Doris Wishman

Active - 1960 - 2001  |   Born - Jan 1, 1912   |   Died - Aug 10, 2002   |   Genres - Adult, Crime, Drama

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Nudist camps, transsexuals, penis transplants, exploding breasts...these are the plot devices that distinguish the work of the woman who ranks as one of the most prolific female directors in film history. Doris Wishman worked solely in the realm of adults-only pictures, stuffing more than two dozen films with nudity, simulated sex, and other exploitable elements. A fiercely independent director, Wishman wrote, produced, and distributed most of her films herself (often using pseudonyms to conceal her one-woman show). Her idiosyncratic style, lurid subjects, and low budgets have kept her movies under the radar of mainstream tastes, but a devoted cult has grown that appreciates her bizarre tales of sexual tension.

Originally trained as an actress (a classmate was Shelley Winters), Wishman first found work in film distribution. After the death of her first husband, she decided she needed to take her mind off the loss and embarked upon production of her premiere film, Hideout in the Sun (1960). Financed by a loan from her sister, it was the first of several nudist colony films that Wishman would make over the next four years. While not the only filmmaker exploiting the legality of nudity set within such camps, Wishman often supplied more imaginative plots than her peers, such as Nude on the Moon (1961), which concerned a pair of amateur astronauts who discover an idyllic paradise of naked beauties on the lunar surface.

When the innocent aura of the nudist film began to lose favor at the box office, Wishman followed pervading trends and moved to a darker, more violent style. In films like Bad Girls Go to Hell (1965), Another Day, Another Man (1966), and Indecent Desires (1967), stark black-and-white photography and hand-held camerawork added unsettling touches to stories of sexual obsession, rape, degradation, and murder. While supplying the brief moments of nudity that her grindhouse audiences demanded, Wishman was also serving up a paranoid vision of womanhood that revolved around frustration and repression. Wishman's sole intent was to titillate her viewers and turn a profit, but these films had a different flavor than the "roughies" made by her male counterparts and they remain her most interesting work.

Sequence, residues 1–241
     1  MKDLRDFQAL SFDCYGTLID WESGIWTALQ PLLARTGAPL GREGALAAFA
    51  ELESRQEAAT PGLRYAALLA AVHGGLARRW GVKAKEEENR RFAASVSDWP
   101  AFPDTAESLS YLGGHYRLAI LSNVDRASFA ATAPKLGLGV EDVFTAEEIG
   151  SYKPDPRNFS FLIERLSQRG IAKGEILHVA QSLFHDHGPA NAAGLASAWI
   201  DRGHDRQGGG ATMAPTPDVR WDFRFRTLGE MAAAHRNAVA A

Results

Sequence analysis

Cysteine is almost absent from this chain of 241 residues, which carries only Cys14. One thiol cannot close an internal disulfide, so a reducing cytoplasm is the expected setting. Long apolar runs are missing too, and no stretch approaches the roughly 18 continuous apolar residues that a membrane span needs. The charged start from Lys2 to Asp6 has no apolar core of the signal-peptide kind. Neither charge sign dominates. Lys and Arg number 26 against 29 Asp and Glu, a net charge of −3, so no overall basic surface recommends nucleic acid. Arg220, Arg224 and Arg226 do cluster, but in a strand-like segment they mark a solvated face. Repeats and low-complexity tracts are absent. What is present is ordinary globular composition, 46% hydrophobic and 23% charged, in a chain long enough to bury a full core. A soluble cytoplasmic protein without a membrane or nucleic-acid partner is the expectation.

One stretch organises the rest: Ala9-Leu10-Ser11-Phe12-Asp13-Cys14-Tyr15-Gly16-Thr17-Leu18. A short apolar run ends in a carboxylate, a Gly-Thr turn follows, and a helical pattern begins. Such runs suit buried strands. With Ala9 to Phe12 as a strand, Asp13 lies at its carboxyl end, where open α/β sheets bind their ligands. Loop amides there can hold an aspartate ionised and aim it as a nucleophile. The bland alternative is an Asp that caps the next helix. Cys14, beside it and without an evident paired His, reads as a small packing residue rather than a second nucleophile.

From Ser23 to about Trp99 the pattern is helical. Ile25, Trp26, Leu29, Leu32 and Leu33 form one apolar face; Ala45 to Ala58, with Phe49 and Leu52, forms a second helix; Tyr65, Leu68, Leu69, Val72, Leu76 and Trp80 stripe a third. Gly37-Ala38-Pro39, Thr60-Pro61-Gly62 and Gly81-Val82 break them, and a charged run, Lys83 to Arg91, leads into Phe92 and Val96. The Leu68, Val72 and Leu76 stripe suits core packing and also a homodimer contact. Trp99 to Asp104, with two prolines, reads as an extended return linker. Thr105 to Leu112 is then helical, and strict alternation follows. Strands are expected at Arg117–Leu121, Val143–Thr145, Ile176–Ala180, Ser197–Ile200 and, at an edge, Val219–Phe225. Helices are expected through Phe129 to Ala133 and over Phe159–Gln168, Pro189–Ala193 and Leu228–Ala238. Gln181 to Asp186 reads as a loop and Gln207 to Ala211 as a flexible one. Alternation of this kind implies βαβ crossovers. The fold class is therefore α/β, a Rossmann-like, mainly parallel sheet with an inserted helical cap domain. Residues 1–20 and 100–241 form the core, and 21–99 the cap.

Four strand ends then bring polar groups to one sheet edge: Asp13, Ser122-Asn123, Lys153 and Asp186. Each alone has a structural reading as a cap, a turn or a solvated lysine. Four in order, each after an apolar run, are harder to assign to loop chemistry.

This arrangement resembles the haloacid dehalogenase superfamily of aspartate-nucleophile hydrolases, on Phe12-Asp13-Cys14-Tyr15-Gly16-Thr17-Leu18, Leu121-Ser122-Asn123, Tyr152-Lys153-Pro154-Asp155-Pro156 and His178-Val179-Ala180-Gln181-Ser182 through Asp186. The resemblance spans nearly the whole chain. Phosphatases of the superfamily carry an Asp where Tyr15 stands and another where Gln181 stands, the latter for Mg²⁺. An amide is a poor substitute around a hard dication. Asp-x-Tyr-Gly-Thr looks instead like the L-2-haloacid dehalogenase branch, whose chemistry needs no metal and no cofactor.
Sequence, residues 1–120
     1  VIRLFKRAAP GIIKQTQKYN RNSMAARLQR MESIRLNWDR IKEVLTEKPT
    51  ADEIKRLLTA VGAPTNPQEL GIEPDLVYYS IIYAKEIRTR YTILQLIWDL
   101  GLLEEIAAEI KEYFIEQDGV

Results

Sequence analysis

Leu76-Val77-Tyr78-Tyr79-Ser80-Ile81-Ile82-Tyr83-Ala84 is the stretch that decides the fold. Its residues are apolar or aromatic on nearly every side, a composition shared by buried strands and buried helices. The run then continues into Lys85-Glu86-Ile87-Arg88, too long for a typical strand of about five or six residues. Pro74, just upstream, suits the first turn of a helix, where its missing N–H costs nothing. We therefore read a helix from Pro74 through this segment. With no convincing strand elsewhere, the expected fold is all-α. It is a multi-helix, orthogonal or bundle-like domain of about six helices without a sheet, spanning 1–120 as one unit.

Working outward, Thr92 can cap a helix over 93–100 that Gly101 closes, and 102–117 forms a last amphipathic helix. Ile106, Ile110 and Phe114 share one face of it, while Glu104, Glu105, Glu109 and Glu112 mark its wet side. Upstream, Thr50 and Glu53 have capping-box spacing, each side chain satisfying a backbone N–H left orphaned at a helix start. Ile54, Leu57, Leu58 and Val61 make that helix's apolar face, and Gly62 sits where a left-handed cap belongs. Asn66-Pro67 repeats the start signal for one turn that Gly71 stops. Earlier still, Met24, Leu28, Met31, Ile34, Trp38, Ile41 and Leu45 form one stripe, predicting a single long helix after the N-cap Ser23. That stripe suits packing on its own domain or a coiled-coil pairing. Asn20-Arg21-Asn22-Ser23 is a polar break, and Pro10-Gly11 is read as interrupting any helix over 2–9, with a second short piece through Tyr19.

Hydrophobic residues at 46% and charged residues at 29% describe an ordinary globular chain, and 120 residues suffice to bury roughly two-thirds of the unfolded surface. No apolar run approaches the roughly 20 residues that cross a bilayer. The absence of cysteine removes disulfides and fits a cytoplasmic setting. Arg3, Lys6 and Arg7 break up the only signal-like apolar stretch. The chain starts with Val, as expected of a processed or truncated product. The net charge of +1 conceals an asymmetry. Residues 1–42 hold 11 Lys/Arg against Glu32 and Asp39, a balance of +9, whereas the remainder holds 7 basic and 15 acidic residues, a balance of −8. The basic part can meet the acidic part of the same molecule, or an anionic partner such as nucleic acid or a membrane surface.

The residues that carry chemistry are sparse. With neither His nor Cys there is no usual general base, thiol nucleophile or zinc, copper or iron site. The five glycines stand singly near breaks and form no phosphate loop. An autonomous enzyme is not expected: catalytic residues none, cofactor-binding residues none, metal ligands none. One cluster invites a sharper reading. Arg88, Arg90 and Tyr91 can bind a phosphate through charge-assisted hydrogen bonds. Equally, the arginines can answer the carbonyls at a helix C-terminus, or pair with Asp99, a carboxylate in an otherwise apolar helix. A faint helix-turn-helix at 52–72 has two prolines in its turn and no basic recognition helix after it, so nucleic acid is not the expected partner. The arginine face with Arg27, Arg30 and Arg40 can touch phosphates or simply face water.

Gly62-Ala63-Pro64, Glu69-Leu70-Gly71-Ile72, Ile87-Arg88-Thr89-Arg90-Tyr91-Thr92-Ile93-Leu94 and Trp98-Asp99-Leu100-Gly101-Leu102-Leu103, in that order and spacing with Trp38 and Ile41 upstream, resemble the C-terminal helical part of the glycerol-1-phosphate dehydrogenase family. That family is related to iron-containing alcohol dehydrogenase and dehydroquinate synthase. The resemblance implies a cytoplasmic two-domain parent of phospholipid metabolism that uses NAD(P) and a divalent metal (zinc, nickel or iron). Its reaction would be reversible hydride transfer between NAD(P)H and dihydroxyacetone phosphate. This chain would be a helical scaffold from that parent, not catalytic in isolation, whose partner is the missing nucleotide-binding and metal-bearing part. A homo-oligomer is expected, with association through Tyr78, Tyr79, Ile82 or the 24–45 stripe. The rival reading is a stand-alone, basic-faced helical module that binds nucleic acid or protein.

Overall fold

As the next decade dawned, Wishman changed again with the times and allowed her pictures to become more sexually explicit and thematically wild. The Amazing Transplant (1970) followed the sexual and criminal exploits of a man who goes insane after having his dead friend's penis grafted onto him. Two of Wishman's best-known films from this period star the massively endowed Chesty Morgan, a Polish stripper with a 73" bust. Deadly Weapons (1973) found her avenging a lover's death by smothering those responsible with her tremendous chest. Double Agent 73 (1974) cast Morgan as a spy with a secret camera concealed in one breast that will self-destruct if her mission isn't completed on time. Let Me Die a Woman (1978) was a unique (if factually suspect) documentary about sex change operations, complete with graphic surgery footage, simulated sex scenes, and actual nude transsexuals displaying their refashioned genitalia. Wishman avoided pornographic detail in these films, instead opting to please her viewers with outrageous scenarios and copious nudity. Despite her distaste for hardcore, Wishman reportedly helmed a few full-on porn titles in the mid-'70s, though the director has disowned these productions.

With adult cinema focused squarely on gynecological close-ups, Wishman decided to follow a new exploitation angle. She began work on A Night to Dismember (1983), a gory slasher film that might have provided a new career path. Unfortunately, the movie took several years to complete, thanks to budgetary concerns and a bizarre incident in which a disgruntled photo lab employee destroyed a large portion of the negative. Wishman finished the film against all odds, refashioning the story with outtakes and overdubbed narration. The result is an incomprehensible, yet uniquely surreal take on the splatter genre. The film was barely released, and Wishman retired in its wake.

Wishman's films have gained a new audience in recent years amongst cult film fanatics who are drawn to the director's unique visual and narrative style. Each film is filled with non sequitur close-ups of lamps, ashtrays, and other mundane household items. Plots move sluggishly (or not at all), jumping suddenly to violent, dreamlike twists in logic. There is a strange focus on her characters' feet and jittery hand-held cinematography. While initially disorienting to viewers accustomed to mainstream films, Wishman's bizarre non-techniques are so recognizable in all of her work that they become endearing. Her career resurrected by retrospective screenings of her productions at film festivals, Wishman returned to directing, releasing Satan Was a Lady (1999, not to be confused with her 1975 porn feature of the same title) and Dildo Heaven (2001).

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